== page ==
The huge complex, in memory of oil tycoon J. Paul Getty, cost 1 billion dollars and was designed by Pritzker prize winner Richard Meier, who was awarded the commission over two other finalists, Fumihiko Maki and James Sterling. Meier is known for his high tech white buildings (see The Atheneum and Clifty Creek Elementary School) but not all of the buildings at the Getty Center are of white enamel panels; some are clad in a warm beige textured travertine quarried in Italy. These non-load-bearing slabs with obvious joints are held in place by stainless steel anchors.
The site is extensively landscaped, partly because Meier's building aesthetic demands an interaction with the natural environment and partly because the site had been completely disturbed during construction and thus subject to erosion. The slopes are planted with thousands of oak trees and ground cover. A large controversial Central Garden designed by Robert Irwin is located between the Museum and the Research Institute.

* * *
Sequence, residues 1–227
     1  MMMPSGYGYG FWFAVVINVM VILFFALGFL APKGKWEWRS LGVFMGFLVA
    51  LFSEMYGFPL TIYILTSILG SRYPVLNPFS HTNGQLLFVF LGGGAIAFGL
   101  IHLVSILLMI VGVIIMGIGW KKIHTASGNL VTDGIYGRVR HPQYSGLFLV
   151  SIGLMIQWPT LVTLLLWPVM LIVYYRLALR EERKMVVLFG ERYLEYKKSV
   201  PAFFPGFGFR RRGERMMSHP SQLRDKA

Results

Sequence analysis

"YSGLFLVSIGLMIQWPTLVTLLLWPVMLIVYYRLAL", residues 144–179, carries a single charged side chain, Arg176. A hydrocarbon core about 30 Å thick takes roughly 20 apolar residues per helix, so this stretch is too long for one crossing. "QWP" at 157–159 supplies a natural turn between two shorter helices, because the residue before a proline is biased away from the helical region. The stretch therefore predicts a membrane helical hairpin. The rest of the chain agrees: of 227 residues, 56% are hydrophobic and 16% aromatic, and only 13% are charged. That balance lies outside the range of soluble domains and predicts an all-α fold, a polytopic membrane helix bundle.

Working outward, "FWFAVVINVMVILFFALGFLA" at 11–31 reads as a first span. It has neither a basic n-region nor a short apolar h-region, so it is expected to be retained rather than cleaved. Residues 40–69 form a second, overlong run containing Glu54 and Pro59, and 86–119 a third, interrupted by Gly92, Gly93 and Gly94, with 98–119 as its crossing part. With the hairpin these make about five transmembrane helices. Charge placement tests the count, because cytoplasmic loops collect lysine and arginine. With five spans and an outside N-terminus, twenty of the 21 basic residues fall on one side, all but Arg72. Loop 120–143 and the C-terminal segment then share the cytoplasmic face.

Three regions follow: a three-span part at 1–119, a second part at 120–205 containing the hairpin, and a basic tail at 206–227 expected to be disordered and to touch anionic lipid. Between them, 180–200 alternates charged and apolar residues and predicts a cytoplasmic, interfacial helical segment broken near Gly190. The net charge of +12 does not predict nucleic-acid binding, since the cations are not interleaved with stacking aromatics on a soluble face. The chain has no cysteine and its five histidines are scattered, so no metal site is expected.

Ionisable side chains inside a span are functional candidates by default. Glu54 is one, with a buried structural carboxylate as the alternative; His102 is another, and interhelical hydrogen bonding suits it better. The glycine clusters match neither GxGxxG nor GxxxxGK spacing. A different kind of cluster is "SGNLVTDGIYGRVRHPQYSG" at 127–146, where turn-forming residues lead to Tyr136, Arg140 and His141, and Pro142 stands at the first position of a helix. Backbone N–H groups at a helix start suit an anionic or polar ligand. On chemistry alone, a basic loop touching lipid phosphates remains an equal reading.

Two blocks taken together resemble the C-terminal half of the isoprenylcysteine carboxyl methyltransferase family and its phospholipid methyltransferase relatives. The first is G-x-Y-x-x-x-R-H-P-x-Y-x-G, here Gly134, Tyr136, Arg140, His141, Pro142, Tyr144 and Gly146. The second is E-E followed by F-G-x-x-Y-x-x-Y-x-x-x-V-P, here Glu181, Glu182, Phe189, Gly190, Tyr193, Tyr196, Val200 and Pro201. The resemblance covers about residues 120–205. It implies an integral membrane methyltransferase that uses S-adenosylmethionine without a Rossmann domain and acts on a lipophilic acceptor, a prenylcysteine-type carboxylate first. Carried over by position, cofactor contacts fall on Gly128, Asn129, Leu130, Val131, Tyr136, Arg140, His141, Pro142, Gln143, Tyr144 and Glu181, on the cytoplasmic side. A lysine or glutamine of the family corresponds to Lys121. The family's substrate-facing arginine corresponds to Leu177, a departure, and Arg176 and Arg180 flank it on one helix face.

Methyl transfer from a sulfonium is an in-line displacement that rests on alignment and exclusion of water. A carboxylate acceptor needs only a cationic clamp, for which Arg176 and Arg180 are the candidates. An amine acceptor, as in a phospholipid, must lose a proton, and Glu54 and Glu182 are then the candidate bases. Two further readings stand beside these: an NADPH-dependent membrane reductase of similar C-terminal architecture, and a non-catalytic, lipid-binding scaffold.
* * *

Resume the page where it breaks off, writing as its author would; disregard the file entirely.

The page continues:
The new Museum at the Getty Center replaces the Malibu J. Paul Getty Museum, a design based on a Roman villa, which is closed for remodeling. It will eventually showcase the Getty collection of Greek and Roman art.
|Tram and passages|
|Museum from south and west|
|Central Garden by Robert Irwin
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